British art studio Random International's Rain Room, installed at the Museum of Modern Art (MOMA), has caught the fancy of New Yorkers as thousands of people are queuing up to have the experience of walking through rain without getting wet.
Sophisticated motion sensors in the the 5,000 square foot (460 square meter) space ensure the downpour stops only in the precise position where people are detected.
AdvertisementThe creators say the set-up the creators affords visitors the sensation of being able to control the elements.
Demand has been so high, MOMA officials have frequently had to close the queue to new entrants before midday.
The museum has increased access by offering people the option of avoiding the long lines by viewing the installation from the side, without walking directly below the rain area.
And, in a rare exception, the installation is to be open until midnight on Sunday, the last day of the New York run that began on May 12.
By then nearly 70,000 people are expected to have visited the piece -- a remarkable feat given that only ten people are allowed in at a time, and they stay there for several minutes.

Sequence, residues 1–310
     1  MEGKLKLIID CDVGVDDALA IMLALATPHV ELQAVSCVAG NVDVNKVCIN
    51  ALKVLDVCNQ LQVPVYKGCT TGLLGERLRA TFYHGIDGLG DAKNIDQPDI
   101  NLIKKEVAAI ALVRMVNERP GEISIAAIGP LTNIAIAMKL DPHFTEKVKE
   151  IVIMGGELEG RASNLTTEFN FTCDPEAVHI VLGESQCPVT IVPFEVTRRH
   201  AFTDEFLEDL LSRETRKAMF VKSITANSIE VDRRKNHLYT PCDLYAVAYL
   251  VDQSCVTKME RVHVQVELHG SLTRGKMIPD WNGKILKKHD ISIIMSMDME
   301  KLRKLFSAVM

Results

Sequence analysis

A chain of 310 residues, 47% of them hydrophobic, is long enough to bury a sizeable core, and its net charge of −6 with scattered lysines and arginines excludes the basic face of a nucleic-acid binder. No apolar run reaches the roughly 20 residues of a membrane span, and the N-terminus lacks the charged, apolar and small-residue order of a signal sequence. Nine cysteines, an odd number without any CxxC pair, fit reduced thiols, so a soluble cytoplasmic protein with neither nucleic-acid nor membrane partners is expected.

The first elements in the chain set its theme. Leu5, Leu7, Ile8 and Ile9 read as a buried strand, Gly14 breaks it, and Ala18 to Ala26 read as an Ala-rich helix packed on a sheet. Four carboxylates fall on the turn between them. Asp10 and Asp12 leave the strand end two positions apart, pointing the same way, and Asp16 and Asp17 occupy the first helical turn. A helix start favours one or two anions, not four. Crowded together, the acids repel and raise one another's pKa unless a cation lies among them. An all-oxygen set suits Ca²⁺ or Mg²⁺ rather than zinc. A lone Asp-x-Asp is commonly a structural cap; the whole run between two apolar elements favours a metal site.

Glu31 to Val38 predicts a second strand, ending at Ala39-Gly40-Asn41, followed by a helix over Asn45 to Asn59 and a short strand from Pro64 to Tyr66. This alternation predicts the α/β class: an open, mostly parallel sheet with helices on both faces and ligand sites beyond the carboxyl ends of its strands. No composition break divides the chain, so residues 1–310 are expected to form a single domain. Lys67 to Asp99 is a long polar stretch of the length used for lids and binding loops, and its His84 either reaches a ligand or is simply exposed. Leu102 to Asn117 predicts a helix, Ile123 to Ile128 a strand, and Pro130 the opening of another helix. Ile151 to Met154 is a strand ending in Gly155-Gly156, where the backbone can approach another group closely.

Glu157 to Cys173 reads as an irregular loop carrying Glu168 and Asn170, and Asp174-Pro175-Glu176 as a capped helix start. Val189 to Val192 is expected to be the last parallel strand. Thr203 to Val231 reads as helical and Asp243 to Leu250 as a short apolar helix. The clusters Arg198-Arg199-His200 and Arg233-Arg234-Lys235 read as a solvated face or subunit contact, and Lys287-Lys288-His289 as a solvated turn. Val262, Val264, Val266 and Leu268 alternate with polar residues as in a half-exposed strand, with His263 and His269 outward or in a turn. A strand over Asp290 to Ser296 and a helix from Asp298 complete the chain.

Among the visitors this week was Brazilian Luciano Neves, who waited four hours for the privilege, he told AFP.
Although Neves described the technology behind the display as "quite amazing," he acknowledged it was not completely flawless. "I got a bit wet because you have to walk to the rain to stop it."
Another visitor, @CallieNYC tweeted: "7 hours of waiting in line but we finally made it into the Rain Room at the MOMA!"
Random International's website describes the Rain Room as "a carefully choreographed downpour - a monumental work that encourages people to become performers on an unexpected stage, while creating an intimate atmosphere of contemplation."
MOMA billed the interactive installation, which enjoyed similar success when it was first showcased at London's Barbican Centre in a five-month run from October 2012, as having a broader relevance.
"The work invites visitors to explore the roles that science, technology, and human ingenuity can play in stabilizing our environment," it said.
Whatever the meaning of the installation, visitors have revelled in throwing shapes inside it for photographic souvenirs of an experience one critic described as akin to "playing God."
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